I bought Tim Ferriss’s book years ago because the title reeled me in. (it was also a bestseller and I’m a sucker for bestsellers – amazingly, it’s still topping the charts up to now)
Really? 4 Hours of work? Sign me up now!
It’s a quick read which can be summarized in the acronym DEAL.
Basically, it says:
D – Definition (find out what you really want)
E – Elimination (applying the 80-20 Pareto principle on work hours, Tim concludes that you get 80% of the benefits through just 20% of what you actually do – so the solution? Find out what the useless 80% is comprised of and eliminate them)
A – Automation (building sustainable, automatic income using stuff like Google Adwords, automation, etc… and then using outsourced virtual assistants to free yourself from the day-to-day minutiae)
L – Liberation (the endgoal. this means you’ve freed yourself from the confines of set geography and time using E & A successfully)
Throughout the book, Tim talks about his fascinating travels and adventures (even becoming a kickboxing champ by thinking out of the box and bending rules). After reading the book, I remember feeling energized and telling myself, “I want to do that! I want to go around the world and just spend 4 hours on my job!”
After five years and one great entrepreneurial leap, I find myself saying, “No, I don’t want to do that anymore.”
I think the underlying assumption of the book is that you WANT to escape. That actual work is something demeaning – you have to escape it and minimize it as much as you can. Then you can go off and live out your adventure.
But what if I told you work CAN be your adventure? Would you still want to escape from it?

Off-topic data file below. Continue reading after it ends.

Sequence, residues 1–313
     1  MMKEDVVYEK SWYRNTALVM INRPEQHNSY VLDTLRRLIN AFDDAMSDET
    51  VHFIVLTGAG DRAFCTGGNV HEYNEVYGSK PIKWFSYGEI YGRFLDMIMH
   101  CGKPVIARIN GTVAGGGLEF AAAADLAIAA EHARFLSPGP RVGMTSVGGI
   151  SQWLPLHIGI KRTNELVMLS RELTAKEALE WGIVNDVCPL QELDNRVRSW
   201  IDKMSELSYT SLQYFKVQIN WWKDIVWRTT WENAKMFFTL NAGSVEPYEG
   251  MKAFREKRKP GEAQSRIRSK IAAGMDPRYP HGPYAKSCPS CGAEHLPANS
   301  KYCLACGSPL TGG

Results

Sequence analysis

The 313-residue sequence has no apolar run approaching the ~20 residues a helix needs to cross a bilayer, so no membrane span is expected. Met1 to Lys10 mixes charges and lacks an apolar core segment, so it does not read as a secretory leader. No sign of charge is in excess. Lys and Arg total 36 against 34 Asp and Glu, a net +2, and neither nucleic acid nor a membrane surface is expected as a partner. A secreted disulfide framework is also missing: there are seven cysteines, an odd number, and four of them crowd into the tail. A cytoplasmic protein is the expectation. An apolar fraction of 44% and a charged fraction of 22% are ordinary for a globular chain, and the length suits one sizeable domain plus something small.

I remember reading in a Seth Godin book about this incident where he was in a resort on some island, and he got his laptop out and began to work on some stuff. He said some people were looking at him with faces saying, “Look at that poor guy, he can’t escape from his work.” Then Seth said something like, “You don’t understand, unlike you, I don’t have anything to escape from, I love what I’m doing!”
I think we ALL need something to work on, more specifically, something to BUILD. The problem isn’t work per se, but the type of work we are choosing (yes, choosing – no one’s forcing you to work on that zombie job) to do. Majority of us are just miscast. Find something you love. Find something you’d choose to do in a resort. (and yes, now, more than ever, working on a passion IS a practical choice)
Yes, it’s good to dream of going around the world, but let’s separate the desire to travel with the desire to escape.
Funny thing is, if you would look at Tim’s accomplishments now, you’d see he’s published multiple bestselling books, is an avid angel investor, and promotes his personal brand through different media.
I’d bet he’s having the time of his life working much, much more than 4 hours a week.
4 thoughts on “Thoughts on the 4-Hour Workweek”
I agree. You will never look at it as work if it is your passion, if it fuels you every single day … and brings out the best in you!
Yep, pareto doesn’t apply with passion – you’d always want to pour your 100%, and you’d get 100% return
I’m an avid of Tim Ferriss. People really take the “4 hours” literally. I think he uses the “4 hour” only as a branding or a marketing tool but the real essence of it is minimizing the unnecessary things – least amount of effort in producing the desired result (productivity). When he built his start up with BrainQuicken (can’t remember if this is the right one), he admitted that he spent endless nights operating it. I don’t see it as an escape. He wants other people to think outside the box and be more “productive”, free some of their time in order to do more things they’re passionate about. Just my 2 cents.
Thanks for chiming in bro! Different paradigms ALWAYS welcome – they make the conversation so much better.
Hmmmm. What I do want to avoid is the idea that a “shortcut” can work. The book essentially advocates putting up a startup which you can run on “least amount of effort” – that gives me pause. Sounds like a shortcut. Why start something to get away from it anyway? Start something YOU’D WANT to spent a lot of time on. It is possible.
What I’ve always admired Ferris is his mantra – YOU CAN BECOME AN EXPERT ON ANYTHING! He really lives that out. I think this is both essential and inspiring for entrepreneurs!